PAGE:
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Expenditure on Defense

Discussion in 'International Relations' started by Devil, Nov 6, 2012.

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  1. Devil

    Devil Captain SENIOR MEMBER

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    Don't you think that india is spending too much into defense rather than other anythingelse. Remember how russia fell into complete debt back 90's it was because competition against U.S. are we doing the same thing and this time we will be in debt
     
  2. MAFIAN GOD

    MAFIAN GOD Captain SENIOR MEMBER

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    Dude, India spends 2-2.5 % of total GDP on Defence. And we are spending around 8-10% of total GDP on EACH main issues like health, education, poverty etc.
    Russia used to spent around 10% of their GDP on defence sector only till 1990s and thats why they went bankrrupt.
    And we are not competing with USA but we just improving and modernising our forces.
     
  3. Devil

    Devil Captain SENIOR MEMBER

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    india is not competing with U.S. but surely are with china and pakistan
     
  4. sahil

    sahil 2nd Lieutant FULL MEMBER

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    India defence spending as a percentage of GDP is very much small. It should be minimum of 3% of GDP.Now its only around 2.5% which is very low compared to any other developing or developed country.
     
  5. Picdelamirand-oil

    Picdelamirand-oil Lt. Colonel MILITARY STRATEGIST

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    Why Americans Must End America
    Why Americans Must End America’s Self-Generating Wars
    Some extracts:

    "The most urgent political challenge to the world today is how to prevent the so-called “pax Americana†from progressively degenerating, like the 19th-century so-called “pax Britannica†before it, into major global warfare."

    "Above all the War on Terror is a self-generating war, because, as many experts have warned, it produces more terrorists than it eliminates. And it has become inextricably combined with America’s earlier self-generating and hopelessly unwinnable war, the so-called War on Drugs."

    "Both of America’s self-generating wars are lucrative to the private interests that lobby for their continuance. [5] At the same time, both of these self-generating wars contribute to increasing insecurity and destabilization in America and in the world."

    "The purpose of this paper is to argue, using the analogy of British errors in the late 19th century, for a progressive return to a more stable and just international order, by a series of concrete steps, some of them incremental. Using the decline of Britain as an example, I hope to demonstrate that the solution cannot be expected from the current party political system, but must come from people outside that system."

    "Thus did Britain slip into circumstances akin to those of the United States in the 1980s and most of the 1990s – slumping nonsupervisory wage levels and declining basic industries on one hand, and at the other end of the scale a heyday for banks, financial services, and securities, a sharp rise in the portion of income coming from investment, and a stunning percentage of income and assets going to the top 1 percent."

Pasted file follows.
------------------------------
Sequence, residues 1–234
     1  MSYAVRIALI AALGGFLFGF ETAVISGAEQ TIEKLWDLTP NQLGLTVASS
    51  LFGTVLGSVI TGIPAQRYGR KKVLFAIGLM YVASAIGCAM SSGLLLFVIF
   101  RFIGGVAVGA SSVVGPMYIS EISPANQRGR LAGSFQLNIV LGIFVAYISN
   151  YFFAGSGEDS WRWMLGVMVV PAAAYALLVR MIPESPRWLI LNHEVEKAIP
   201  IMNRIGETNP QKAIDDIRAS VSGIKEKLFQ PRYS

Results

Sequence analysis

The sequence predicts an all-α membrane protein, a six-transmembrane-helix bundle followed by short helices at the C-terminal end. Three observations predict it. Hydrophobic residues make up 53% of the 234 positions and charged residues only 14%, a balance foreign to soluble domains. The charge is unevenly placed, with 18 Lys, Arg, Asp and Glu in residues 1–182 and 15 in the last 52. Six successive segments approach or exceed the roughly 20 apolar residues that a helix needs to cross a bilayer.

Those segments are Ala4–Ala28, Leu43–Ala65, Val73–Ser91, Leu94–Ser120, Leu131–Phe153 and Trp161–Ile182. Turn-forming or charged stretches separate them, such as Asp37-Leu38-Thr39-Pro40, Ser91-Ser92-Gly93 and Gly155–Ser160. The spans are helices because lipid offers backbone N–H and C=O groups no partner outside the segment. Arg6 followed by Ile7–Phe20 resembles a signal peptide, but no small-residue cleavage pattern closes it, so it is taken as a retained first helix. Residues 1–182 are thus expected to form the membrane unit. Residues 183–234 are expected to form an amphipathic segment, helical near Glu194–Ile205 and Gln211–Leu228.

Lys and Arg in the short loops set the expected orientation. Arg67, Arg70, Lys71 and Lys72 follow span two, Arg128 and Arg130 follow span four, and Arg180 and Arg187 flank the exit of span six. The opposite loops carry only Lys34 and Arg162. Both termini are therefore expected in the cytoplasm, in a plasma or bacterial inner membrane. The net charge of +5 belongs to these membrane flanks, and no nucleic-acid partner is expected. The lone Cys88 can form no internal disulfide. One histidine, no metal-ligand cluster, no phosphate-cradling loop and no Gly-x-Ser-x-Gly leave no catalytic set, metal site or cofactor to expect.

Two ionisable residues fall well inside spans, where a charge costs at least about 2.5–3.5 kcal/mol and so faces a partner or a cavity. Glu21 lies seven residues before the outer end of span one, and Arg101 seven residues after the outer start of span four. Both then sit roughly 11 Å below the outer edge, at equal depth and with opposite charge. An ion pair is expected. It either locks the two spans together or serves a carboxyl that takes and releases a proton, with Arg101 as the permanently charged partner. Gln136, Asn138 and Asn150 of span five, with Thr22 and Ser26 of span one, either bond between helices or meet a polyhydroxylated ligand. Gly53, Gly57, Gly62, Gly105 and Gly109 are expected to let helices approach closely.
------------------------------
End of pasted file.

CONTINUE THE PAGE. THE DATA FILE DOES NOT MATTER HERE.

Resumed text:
"Both the apogee of the British empire and the start of its decline can be dated to the 1850s. In that decade London instituted direct control over India, displacing the nakedly exploitative East India Company."

    "My main point is that the progressive build-up of the British navy and armies provoked, predictably, a responsive build-up from other powers, particularly France and Germany; and this ultimately made World War I (and its sequel, World War II) all but inevitable."

    "Above all it is increasingly evident to a global minority that American hypermilitarism, in the name of security, is becoming – much like British hypermilitarism in the 19th century — a threat to everyone’s security, including America’s, by inducing and increasingly seeking wider and wider wars."

    "In short, the wealth generated by the Saudi-American relationship is funding both the al Qaeda-type jihadists of the world today and America’s self-generating war against them. The result is an incremental militarization of the world abroad and America at home, as new warfronts in the so-called War on Terror emerge, predictably, in previously peaceful areas like Mali."

    "Pakistani police reported in 2009 that Saudi Arabia’s charities continue to fund al Qaeda, the Taliban and Pakistan’s Lashkar-e-Tayyiba. The report said the Saudis gave $15 million to jihadists, including those responsible for suicide attacks in Pakistan and the death of former Pakistani Prime Minister Benazir Bhutto."

    "Above all this contributes to Islamic insecurity as well, causing more and more Muslims to deal with the fear that civilians, not just jihadi terrorists, will be the victims of drone attacks."

    "Above all, in my opinion, Americans should fear the insecurity spread by drone attacks. If not soon stopped, America’s drone attacks threaten to do what America’s atomic attacks did in 1945: lead to a world in which many powers, not just one, possess this weapon and may possibly use it. In this case the most likely new target by far would be the United States."

    "I repeat that one cannot be confident of victory in the struggle for sanity against special interests and ignorant ideologues. But with the increasing danger of a calamitous international conflict, the need to mobilize for sanity is increasingly clear. The study of history is one of the most effective ways to avoid repeating it. "
     
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